Thursday, August 6, 2009
Harlem vs. Columbia
Stefan Bradley's recently released Harlem vs. Columbia University: Black Student Power in the Late 1960s will be one of the first orders we'll place this year as we continue building our Black Studies library.
Professor Bradley taught in the department of historical studies here at SIUE before moving to St. Louis University. Since he's right across the river, he's been a frequent supporter and contributor to our projects. Most notably for me, his fresh perspectives on 1960s activism, 21st century black nationalism, and African American ideas and experience in general have been crucial to how I've envisioned Black Studies.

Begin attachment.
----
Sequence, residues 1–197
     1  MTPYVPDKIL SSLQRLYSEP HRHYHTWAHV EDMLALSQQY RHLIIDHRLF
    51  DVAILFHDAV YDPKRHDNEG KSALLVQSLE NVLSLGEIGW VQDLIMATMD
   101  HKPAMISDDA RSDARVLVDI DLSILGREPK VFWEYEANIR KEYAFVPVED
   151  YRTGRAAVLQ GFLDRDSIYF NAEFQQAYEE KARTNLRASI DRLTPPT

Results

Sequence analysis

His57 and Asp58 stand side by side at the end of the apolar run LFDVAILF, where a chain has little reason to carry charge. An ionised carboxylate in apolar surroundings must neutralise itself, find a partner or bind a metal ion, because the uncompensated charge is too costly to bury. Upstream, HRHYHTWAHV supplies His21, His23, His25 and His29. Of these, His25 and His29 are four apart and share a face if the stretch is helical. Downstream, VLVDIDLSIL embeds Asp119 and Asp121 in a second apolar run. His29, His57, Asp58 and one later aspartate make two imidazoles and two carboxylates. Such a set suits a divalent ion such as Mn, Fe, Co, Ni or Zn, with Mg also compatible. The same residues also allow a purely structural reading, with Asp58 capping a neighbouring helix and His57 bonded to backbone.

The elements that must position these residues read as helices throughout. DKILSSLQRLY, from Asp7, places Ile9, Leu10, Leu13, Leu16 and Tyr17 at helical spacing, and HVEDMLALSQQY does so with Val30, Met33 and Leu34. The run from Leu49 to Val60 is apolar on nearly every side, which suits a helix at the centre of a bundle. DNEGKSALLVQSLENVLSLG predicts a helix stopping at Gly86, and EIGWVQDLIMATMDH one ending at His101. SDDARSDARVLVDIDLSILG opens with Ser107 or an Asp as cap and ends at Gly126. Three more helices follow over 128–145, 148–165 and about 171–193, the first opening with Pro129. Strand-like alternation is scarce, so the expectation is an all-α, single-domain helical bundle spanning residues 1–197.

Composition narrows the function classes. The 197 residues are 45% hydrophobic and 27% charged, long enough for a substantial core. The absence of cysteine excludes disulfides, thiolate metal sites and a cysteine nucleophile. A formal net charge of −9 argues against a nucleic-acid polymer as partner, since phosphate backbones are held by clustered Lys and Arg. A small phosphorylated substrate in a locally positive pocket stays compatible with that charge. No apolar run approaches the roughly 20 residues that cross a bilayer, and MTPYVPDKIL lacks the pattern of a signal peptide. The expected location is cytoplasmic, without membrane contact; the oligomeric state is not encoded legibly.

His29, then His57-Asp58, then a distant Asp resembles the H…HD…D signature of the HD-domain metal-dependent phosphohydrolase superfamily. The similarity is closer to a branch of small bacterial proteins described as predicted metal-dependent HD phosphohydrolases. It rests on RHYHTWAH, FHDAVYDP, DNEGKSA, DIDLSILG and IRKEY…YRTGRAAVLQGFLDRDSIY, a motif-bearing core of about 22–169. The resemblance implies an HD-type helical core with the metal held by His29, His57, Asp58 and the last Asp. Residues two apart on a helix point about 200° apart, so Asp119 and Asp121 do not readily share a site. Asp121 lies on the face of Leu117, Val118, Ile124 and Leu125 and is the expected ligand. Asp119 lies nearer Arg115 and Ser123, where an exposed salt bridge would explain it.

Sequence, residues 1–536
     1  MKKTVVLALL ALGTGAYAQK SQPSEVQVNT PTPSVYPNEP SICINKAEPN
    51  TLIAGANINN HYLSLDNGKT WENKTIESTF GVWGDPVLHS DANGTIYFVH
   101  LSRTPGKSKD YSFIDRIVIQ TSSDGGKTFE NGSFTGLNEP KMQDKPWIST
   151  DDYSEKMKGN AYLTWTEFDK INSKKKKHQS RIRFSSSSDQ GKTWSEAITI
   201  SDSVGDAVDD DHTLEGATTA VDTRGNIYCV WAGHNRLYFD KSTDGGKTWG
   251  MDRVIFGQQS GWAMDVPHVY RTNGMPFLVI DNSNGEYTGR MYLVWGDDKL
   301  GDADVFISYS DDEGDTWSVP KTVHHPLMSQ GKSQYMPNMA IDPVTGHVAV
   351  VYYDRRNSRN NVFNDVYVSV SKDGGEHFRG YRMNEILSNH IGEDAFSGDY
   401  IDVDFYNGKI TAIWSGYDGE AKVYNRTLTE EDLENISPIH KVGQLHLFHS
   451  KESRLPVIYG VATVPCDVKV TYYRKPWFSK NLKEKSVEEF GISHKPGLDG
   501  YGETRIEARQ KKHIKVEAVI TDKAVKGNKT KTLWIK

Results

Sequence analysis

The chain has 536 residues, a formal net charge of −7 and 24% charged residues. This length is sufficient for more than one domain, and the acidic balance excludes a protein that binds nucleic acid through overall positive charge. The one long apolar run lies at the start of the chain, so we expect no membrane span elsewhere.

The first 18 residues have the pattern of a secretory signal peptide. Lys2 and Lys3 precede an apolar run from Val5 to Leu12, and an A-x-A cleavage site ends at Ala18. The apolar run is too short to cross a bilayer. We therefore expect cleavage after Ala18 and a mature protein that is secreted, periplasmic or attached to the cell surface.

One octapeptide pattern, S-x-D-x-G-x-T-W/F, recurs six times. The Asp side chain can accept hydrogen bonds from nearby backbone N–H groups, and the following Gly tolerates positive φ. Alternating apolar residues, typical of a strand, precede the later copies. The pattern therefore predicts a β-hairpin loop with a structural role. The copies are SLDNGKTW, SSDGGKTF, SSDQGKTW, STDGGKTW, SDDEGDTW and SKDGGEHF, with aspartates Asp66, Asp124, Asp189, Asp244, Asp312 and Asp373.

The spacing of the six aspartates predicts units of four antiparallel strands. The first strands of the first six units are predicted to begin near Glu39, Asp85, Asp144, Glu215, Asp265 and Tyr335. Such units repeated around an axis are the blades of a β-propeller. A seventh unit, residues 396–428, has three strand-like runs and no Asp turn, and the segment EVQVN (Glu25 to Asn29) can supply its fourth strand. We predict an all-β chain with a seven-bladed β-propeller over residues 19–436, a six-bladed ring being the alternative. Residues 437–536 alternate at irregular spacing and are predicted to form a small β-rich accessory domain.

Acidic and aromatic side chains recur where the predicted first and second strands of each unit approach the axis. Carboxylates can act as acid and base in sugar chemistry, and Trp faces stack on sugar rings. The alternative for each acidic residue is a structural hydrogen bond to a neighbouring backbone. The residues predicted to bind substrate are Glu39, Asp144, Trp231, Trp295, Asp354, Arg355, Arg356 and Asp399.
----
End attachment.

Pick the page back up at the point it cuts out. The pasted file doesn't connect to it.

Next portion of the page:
Harlem vs. Columbia focuses on "the impact of Black Power ideology on the Students' Afro-American Society (SAS) at Columbia." In particular, the book describes how groups of black students and community activists organized to prevent an Ivy League institution from constructing a gym in Morningside Park and "trampling over its relatively poor and powerless neighbors."
According to historian Leonard N. Moore, Harlem vs. Columbia constitutes a "powerful story that needs to be told. Bradley places the student movement at Columbia in the 1960s within the larger context of local black politics and concerns, exploring the links between campus activism, community protest, and public policy."
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